UTAS invites foreign students to ‘jump the accommodation queue’, existing students told to search Gumtree

A tall building with a UTAS logo emblazoned on a high wall, photographed from street level.
Written by The ReReport
As seen in the Source link, written by on 2018-12-11 14:25:50


December 12, 2018 00:10:23

The University of Tasmania has begun offering foreign students the chance to “jump to the head of the accommodation queue” if they pay upfront, while existing students are being told to look on Gumtree as the university cannot guarantee them a place to live.

Key points:

  • Existing students have been told they are not guaranteed a place in campus accommodation, as preference would be given to first-year enrolments
  • Foreign students will be “allocated a single room in Hobart accommodation without putting you in a queue”, if they enrol and pay, UTAS said in an emailed offer
  • The university suggests existing students investigate the “diverse and vibrant private student accommodation market”

“Avoid the usual accommodation waiting lists. Accept your offer immediately and we will allocate you a single room in Hobart accommodation without putting you in a queue behind others,” the UTAS emailed offer states, with links off to webpages for fee payment.

“Be quick, first come first served! Places in uni accommodation are limited so act now to avoid disappointment. This offer closes 14 December 2018.”

The offer to foreign students, which was sent out on Monday, follows earlier correspondence to existing UTAS students advising that demand for accommodation has far outstripped the supply of 1,110 rooms in Hobart and new students would be preferenced.

UTAS suggested those affected search Gumtree, Facebook and commercial real estate websites to find new lodgings.

Hobart’s rental market leads the country as the most unaffordable, ahead of Sydney and Melbourne.

The university previously told students they were welcome to “leave your belongings in your current apartment for the summer” and that they would be notified in November about ongoing accommodation arrangements.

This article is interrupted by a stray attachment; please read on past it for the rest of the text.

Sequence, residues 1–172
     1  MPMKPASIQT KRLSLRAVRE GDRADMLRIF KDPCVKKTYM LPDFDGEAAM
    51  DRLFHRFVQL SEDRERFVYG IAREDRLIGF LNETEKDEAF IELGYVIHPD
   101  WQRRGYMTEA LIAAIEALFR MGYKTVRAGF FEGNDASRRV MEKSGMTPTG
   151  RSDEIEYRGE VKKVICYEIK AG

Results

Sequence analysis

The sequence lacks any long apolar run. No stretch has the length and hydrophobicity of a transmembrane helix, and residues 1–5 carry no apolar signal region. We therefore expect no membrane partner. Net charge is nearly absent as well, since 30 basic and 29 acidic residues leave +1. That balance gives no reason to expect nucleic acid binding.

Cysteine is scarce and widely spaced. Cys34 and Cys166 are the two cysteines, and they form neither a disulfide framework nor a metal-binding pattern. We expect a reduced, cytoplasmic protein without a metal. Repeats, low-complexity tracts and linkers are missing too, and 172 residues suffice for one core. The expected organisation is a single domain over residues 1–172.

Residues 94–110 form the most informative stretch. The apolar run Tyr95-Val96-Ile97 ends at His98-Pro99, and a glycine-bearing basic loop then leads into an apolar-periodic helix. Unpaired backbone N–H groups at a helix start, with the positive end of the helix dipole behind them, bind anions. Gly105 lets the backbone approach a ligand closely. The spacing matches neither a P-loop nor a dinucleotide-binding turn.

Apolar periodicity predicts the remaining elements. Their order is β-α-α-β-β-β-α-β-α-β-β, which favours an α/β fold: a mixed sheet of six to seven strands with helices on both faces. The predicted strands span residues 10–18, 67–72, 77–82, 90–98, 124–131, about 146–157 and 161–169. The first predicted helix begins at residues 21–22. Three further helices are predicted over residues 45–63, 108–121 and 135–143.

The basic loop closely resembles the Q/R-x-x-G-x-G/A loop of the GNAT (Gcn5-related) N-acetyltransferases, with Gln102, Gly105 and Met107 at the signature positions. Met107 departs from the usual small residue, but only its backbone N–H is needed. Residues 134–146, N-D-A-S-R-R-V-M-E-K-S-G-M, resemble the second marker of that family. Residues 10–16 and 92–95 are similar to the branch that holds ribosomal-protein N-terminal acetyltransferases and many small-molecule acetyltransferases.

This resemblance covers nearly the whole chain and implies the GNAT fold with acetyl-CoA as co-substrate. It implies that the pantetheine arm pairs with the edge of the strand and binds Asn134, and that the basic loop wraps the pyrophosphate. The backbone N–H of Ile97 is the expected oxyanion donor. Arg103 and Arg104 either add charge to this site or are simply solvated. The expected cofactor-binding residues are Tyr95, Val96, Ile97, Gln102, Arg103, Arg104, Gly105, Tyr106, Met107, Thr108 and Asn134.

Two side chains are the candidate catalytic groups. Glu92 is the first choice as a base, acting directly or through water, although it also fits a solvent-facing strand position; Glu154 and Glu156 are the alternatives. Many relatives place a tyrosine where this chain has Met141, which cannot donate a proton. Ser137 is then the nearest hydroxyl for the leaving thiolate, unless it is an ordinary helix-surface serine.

Now, with many of the student body interstate and on holidays, news of the accommodation squeeze has caused chaos, with 3,000 signatures on a petition calling to end the uncertainty for students.

“I believe [the university] not contacting students earlier and making it more explicitly clear that this policy was on the cards is very poor,” Tasmania University Union state president Sharifah Syed Rohan said.

“It’s now two months out from the commencement of semester one and students have been left in a state of limbo.”

Ms Syed Rohan noted Hobart’s poor affordability ranking and a chronic shortage of long-term rental accommodation, saying news of the university policy would have “real consequences” in a “very tough market”.

Finding new digs ‘extremely hard’

In May, the ABC reported international students enrolled at UTAS were sharing rooms at backpacker hostels after being told university accommodation was full and the local rental market impossible to break in to, with the throngs of prospective tenants turning up to view Hobart rental properties described as “bedlam” by an experienced real estate agent.

On Tuesday, Real Estate Institute of Tasmania president Tony Collidge told ABC Hobart it would be “extremely hard the way the market is at the moment” for students to find a new place to live, with “vacancy rates at around or just below 1 per cent, which is very very low”.

He questioned the wisdom of the university’s recent sales of property assets.

“Going back about three years ago, they sold all their community homes to build the new building in town. When that was built, my understanding is that it was let out in about 18 minutes,” he said.

“That goes to show the level of demand.”

The recent sales follow a reported 2006 sell-off of more than 40 houses near the Sandy Bay campus to an American property giant.

Despite the university stating they were preferencing the needs of regional students and first years, Nicole Bryan, a student from Burnie in the state’s north, said her Hobart lodgings were yet to be confirmed and that out of her 20 fellow residents, only four had received confirmation.

“I have no friends or family in Hobart. I don’t know what I’d do,” she said.

“It’s really stressful and it makes me quite upset, I’ve made this apartment my home and the friends I’ve made are my family and it’s all been taken away from me.”

‘A really unfortunate piece of text’

University of Tasmania’s Jason Purdie said the email was “a really unfortunate piece of text” that had since been retracted.

“It’s not the position of the university … the language was wrong and in fact it was recalled when we became aware that that was sent out,” he said.

However, despite the recall claim, all links included in the email are still live.

Mr Purdie said accommodation priority had been given to students who were living regionally, recipients of a scholarship and new to the university.

“They’re part of a pool and first-year commencing international students are afforded a priority,” he said.

He said the issue was exacerbated by the tightness of the rental market and the fact more students were opting to stay in university accommodation.

“We’re planning a range of initiatives to meet future supply … we’re really at a pinch point at the moment where we’re bringing on new solutions but we’ve got more demand,” he said.

He said the university was working “vigorously” to provide more accommodation options to students in the new year.









First posted

December 11, 2018 14:25:50